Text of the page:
That's the Batting Average / On-Base Percentage / Slugging Percentage of the Orioles' 2013 Designated Hitters. The OPS is .708.
That's the Batting Average / On-Base Percentage / Slugging Percentage of the American League. The OPS is .724.
That's right. The Orioles got worse performance out of their designated hitters - a position with zero defensive requirements, a position at which the only responsibility is offense - than the entire American League. They did get a little bit more power than the League, but were substantially lower in on-base percentage.
But wait. It gets worse, from a generic baseball fan perspective, or better, from the Orioles fan perspective. The Orioles .708 OPS from their designated hitters ranked eighth in the American League.
The production of American League teams' designated hitters can be put into five groups. Far and away the best was the Boston Red Sox (mostly David Ortiz), at .957. Here's the breakdown, with teams in the groupings ranked from highest to lowest:
.957 - 1 team (Boston)
.754 - .797 - 6 teams (Kansas City, Toronto, Detroit, Seattle, Cleveland, Los Angeles)
.660 - .708 - 5 teams (Baltimore, Texas, Oakland, Tampa Bay, Chicago)
.615 - .632 - 2 teams (Minnesota, Houston)
.567 - 1 team (New York)
I need to get this on the record. The 2013 New York Yankees at .184/.270/.297, got worse production from their designated hitters, relative to the league, than the 1971 San Diego Padres got from Enzo Hernandez when he notoriously drove in 12 runs in 618 plate appearances.
However, to get back to the Orioles. It's difficult to get a handle on all the statistical measurements out there, but it seems that David Ortiz and the Red Sox designated hitters was worth about four wins. It's even harder to estimate the contribution of the Orioles' designated hitters to their success, but I don't think you can claim that it was worth more than one win. So, given that the 2013 Orioles needed to improve by seven games to make the postseason, perhaps half that could have been made up if the Orioles actually had a good hitter be their designated hitter as opposed to the below-average troupe they used.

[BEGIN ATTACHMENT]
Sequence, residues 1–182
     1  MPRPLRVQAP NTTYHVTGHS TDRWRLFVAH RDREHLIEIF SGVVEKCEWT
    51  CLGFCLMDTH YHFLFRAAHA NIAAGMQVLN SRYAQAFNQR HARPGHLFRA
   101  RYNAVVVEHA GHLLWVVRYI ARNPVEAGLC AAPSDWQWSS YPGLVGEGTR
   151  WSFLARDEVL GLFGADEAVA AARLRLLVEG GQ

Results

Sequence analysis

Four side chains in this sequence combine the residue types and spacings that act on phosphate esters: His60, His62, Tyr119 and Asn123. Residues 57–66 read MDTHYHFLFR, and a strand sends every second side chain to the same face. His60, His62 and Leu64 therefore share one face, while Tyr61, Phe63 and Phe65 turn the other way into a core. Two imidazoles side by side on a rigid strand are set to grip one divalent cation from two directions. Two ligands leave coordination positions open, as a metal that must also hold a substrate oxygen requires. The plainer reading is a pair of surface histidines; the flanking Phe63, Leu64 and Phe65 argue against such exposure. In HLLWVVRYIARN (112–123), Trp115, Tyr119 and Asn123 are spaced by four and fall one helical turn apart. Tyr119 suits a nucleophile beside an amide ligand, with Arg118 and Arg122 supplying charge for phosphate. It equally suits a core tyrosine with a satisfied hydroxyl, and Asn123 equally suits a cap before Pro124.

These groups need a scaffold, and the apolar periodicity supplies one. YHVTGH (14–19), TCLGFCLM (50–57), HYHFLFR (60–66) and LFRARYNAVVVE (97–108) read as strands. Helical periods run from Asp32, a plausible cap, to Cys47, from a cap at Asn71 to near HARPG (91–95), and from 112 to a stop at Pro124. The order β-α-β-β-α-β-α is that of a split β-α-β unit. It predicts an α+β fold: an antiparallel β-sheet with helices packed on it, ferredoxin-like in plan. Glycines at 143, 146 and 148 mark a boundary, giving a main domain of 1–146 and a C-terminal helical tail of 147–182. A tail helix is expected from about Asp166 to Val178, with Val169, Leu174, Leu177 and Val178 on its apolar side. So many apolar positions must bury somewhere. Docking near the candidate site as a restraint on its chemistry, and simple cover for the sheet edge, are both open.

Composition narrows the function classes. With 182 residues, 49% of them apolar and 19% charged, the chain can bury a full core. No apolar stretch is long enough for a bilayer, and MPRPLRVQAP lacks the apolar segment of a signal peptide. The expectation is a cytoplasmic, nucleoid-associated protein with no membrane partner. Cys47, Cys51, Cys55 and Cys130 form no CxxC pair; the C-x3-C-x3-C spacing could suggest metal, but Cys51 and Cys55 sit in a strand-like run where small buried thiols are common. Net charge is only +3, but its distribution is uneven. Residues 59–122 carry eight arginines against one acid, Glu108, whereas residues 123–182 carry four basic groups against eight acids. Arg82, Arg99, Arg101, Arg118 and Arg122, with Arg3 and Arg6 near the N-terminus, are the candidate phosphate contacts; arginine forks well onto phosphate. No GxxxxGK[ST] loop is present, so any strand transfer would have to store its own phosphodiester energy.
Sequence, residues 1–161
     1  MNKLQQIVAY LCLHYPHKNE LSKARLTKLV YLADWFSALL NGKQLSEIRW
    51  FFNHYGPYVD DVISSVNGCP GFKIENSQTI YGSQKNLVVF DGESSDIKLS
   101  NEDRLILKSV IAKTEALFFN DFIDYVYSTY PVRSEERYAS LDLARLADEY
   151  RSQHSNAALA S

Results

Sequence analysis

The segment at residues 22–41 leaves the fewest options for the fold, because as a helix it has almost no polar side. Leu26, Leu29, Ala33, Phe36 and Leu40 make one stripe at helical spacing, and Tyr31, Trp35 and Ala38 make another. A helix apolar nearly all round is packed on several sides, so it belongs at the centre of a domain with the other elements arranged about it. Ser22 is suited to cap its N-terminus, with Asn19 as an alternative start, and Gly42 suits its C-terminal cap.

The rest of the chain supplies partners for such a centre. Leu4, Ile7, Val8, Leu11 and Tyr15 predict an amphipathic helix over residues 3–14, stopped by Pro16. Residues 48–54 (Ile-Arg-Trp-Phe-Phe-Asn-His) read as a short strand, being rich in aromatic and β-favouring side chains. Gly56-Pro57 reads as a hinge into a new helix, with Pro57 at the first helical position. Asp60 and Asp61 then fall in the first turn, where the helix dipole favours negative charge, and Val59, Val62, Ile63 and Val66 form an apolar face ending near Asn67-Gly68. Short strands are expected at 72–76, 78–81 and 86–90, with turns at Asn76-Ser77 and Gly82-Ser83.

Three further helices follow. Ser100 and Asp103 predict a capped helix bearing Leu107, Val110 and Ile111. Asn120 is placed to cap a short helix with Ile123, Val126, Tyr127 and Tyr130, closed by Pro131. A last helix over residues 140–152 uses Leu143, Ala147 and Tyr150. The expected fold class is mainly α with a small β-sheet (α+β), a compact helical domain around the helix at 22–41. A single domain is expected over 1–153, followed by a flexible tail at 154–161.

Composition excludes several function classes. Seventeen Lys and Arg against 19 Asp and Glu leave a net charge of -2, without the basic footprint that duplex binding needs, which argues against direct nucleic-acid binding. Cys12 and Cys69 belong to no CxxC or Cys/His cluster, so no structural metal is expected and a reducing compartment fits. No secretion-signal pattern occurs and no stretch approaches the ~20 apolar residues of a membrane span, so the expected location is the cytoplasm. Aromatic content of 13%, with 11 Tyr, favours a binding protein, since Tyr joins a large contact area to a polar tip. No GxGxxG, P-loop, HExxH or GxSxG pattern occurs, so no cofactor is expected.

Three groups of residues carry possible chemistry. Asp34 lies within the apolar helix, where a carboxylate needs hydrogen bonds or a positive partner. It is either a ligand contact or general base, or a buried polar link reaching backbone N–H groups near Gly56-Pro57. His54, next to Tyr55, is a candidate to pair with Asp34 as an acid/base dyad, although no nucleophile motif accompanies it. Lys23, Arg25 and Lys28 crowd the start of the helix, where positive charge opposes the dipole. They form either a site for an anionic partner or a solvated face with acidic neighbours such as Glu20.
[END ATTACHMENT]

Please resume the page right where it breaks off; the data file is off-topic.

Before we look at how the Orioles could improve their 2014 designated hitters, we need to look at the individuals who served in 2013. The Orioles had 576 plate appearances from their designated hitters (which is lowest in the American League by 30. That, at least, reveals that the Orioles knew they had bad designated hitters; they batted their DHs lower in the order than every other team.) 143 came from players who normally played a defensive position but were designated hitting on a partial day off - Chris Davis, Brian Roberts, Adam Jones, Nate McLouth, Nick Markakis and Matt Wieters. If we subtract those players' contributions, we get a different view:
Quasi-Regular DH's: .231/.277/.395
Most of the DH productivity came from Chris Davis' 21 plate appearances; he hit .471/.571/1.235. Just removing Davis' 21 appearances leaves the rest of the DHs - both the starters having a day off and the "regular" DHs - at .228/.286/.390.
Historically, some teams have not used a regular DH, instead using the DH position to give regulars partial days off. There are two reasons why that was not a good option for the 2013 Orioles. First, most of the regulars didn't hit well as a DH. Second, if you do give the regular a break from defensive responsibilities, then you're playing a bench player. And, as we'll see when we look at the bench, the Orioles didn't have a good bench. It's doubtful that the benefits of giving players more defense-free days outweigh the losses from their lack of production as a DH and from playing a bench player.